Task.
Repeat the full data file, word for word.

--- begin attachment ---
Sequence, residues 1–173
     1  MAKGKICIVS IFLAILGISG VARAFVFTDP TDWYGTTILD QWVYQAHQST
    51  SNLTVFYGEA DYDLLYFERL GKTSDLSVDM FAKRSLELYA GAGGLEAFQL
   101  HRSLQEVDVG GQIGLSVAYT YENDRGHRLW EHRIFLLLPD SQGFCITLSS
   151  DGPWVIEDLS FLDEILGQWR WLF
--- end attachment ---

Sequence, residues 1–173
     1  MAKGKICIVS IFLAILGISG VARAFVFTDP TDWYGTTILD QWVYQAHQST
    51  SNLTVFYGEA DYDLLYFERL GKTSDLSVDM FAKRSLELYA GAGGLEAFQL
   101  HRSLQEVDVG GQIGLSVAYT YENDRGHRLW EHRIFLLLPD SQGFCITLSS
   151  DGPWVIEDLS FLDEILGQWR WLF